Its unfortunate that we saw almost nothing of the rest of Section 9. Ghost Pain basically stars Motoko and only Motoko. Other members of Section 9, even the major ones like Batou and Togusa, their appearances can hardly be called anything but cameos. They offer almost nothing to the overall story, and see no character development at all. There is so little screentime to Batou and Togusa I could not even confirm if there were any changes in their personalities over their original incarnations. You would think that a reboot with an emphasis on redesigned and differently presented characters would have an emphasis on said characters, but that does no occur. All attention is on The Major, and unfortunately this doesn't really work out in the character department. We see some bits of subplot over the Major's tragic past that leads into a complex about her cyborg body, but no this is nothing new to the Ghost in the Shell series. Compared to the character dynamics of the Major you see in the latter parts of 2nd Gig, SSS, and of course the original film, Ghost Pain achieves so little it can hardly hold a candle to them in this category. I however, do keep in mind that theres only so much a 1 hour introduction film can do, so there is some degree of holding out you should have before you start to see these things.
Yoko Kano and Kenji Kawai are out, and the film suffers because of it. No memorable music in this film.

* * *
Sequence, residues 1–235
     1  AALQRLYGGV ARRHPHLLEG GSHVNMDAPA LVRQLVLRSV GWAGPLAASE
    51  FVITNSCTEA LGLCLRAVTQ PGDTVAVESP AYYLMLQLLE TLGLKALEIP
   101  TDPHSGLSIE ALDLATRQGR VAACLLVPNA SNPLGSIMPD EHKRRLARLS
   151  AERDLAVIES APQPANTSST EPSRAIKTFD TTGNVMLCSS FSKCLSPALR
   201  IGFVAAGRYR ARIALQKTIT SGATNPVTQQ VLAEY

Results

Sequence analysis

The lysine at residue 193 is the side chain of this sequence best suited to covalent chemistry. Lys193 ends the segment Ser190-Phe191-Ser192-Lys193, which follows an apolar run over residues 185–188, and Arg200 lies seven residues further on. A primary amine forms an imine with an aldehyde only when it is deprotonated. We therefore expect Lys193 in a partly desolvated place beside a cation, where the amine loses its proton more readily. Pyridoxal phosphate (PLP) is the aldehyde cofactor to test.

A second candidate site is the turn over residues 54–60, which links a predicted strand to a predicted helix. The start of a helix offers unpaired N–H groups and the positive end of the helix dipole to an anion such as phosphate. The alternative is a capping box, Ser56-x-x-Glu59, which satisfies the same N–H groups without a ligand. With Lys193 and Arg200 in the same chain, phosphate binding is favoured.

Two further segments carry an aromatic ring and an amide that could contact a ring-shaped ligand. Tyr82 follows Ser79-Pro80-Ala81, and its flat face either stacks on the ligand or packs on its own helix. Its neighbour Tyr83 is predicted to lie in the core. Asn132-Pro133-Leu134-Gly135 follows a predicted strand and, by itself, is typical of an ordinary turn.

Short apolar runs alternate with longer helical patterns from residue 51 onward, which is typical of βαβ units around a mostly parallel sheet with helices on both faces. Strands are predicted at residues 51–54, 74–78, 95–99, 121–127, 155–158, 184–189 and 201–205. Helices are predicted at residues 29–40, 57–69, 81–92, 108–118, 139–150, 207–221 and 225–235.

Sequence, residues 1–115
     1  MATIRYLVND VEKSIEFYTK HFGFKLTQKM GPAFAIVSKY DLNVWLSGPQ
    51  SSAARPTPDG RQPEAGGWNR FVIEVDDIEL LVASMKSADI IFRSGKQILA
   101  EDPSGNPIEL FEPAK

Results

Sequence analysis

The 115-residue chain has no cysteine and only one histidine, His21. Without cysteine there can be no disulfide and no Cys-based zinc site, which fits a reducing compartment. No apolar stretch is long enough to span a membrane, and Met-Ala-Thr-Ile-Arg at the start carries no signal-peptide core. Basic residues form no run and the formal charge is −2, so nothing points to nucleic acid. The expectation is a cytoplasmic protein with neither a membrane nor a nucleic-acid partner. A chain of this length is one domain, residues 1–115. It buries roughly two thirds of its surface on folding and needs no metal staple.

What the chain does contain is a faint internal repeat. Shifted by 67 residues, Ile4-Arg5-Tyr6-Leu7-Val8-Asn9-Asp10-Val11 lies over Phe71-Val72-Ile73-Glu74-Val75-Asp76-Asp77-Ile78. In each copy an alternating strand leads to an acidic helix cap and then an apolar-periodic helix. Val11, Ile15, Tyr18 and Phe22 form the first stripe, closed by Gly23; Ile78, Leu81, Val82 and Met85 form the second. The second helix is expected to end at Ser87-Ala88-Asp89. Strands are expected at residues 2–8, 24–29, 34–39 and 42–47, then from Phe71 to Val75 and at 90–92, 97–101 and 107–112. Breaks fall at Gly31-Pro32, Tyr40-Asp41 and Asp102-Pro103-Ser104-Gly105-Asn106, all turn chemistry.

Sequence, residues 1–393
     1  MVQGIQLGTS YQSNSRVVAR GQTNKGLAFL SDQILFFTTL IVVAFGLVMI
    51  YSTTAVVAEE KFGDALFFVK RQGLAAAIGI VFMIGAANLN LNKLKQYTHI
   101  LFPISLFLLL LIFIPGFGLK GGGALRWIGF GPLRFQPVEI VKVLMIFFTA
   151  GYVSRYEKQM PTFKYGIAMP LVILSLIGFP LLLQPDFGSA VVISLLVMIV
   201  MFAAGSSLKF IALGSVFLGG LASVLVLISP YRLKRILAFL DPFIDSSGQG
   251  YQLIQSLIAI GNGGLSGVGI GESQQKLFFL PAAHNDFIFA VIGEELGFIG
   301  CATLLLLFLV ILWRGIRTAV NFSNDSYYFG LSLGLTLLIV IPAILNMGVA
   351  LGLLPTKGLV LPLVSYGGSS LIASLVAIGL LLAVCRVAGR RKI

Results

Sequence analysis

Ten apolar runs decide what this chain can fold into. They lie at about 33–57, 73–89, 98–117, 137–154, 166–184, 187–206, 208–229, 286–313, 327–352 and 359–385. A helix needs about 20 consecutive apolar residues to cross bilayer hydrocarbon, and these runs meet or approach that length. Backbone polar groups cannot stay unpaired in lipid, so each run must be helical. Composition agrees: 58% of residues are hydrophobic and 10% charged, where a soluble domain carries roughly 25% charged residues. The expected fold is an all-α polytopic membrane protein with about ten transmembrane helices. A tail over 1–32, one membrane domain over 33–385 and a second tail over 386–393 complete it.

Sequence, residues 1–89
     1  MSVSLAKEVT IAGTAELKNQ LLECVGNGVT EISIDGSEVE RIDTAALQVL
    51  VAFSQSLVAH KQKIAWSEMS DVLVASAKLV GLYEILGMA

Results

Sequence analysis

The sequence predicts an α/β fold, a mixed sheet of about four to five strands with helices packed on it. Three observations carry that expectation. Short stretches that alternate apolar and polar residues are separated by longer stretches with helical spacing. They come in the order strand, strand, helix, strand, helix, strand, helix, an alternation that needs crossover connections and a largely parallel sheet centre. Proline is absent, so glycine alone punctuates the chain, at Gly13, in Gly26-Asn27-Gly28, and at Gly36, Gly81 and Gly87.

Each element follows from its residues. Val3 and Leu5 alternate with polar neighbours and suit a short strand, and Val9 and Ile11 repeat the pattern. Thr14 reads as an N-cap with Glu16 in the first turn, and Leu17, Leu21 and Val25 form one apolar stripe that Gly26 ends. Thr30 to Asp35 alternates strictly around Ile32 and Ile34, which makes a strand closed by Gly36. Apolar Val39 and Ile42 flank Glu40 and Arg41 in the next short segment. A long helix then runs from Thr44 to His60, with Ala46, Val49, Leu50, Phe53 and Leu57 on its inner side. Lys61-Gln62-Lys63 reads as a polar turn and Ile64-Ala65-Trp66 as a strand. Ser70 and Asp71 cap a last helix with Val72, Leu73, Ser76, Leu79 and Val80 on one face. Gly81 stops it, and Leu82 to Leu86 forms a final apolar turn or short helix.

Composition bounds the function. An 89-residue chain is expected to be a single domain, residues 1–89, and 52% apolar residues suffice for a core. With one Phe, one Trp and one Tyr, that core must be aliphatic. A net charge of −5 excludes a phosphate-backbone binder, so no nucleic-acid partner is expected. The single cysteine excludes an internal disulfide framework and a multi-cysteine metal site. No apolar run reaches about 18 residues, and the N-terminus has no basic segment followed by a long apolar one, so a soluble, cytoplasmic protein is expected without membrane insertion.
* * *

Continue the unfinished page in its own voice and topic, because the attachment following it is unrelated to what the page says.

GiTS Arise: Ghost Pain is 7/10 introduction to this new GiTS series. Great action, a good story, and alright characters await new and old Ghost in the Shell fans who watch this rather shiny but not superficial entry. I am looking forward to the next film in the series and have high expectations. read more
At the top of the cyberpunk hill stands the Ghost in the Shell franchise. First formulated in concept by Masamune Shirow, it has been Mamoru Oshii's Ghost in the Shell (1995) film and Kenji Kamiyama's Standalone Complex series that have amassed wide and overwhelmingly positive reception. Ghost in the Shell: Arise—a four-part OVA series—is the most recent installment into the franchise, serving as a prequel set prior to Section 9's establishment. With high expectations coming from a new Ghost in the Shell title, it may not come as a surprise that Arise's first piece (Border:1 Ghost Pain) wields variable success.
Perhaps one of the most noticeable changes in Arise is the single point of view focus onto Motoko. Her actions and behavior play off as slightly more human in the OVA, whether it be displaying discernible facial expressions or occasionally acting by emotion. This causes her to seem more like her physical age than her typical, cold and cryptic self. Additionally, she holds more bearing on the story than normal. Aiming to solve a murder and later being implicated as the primary suspect, Motoko becomes pivotal in whether Arise can subtly yet powerfully grasp its story.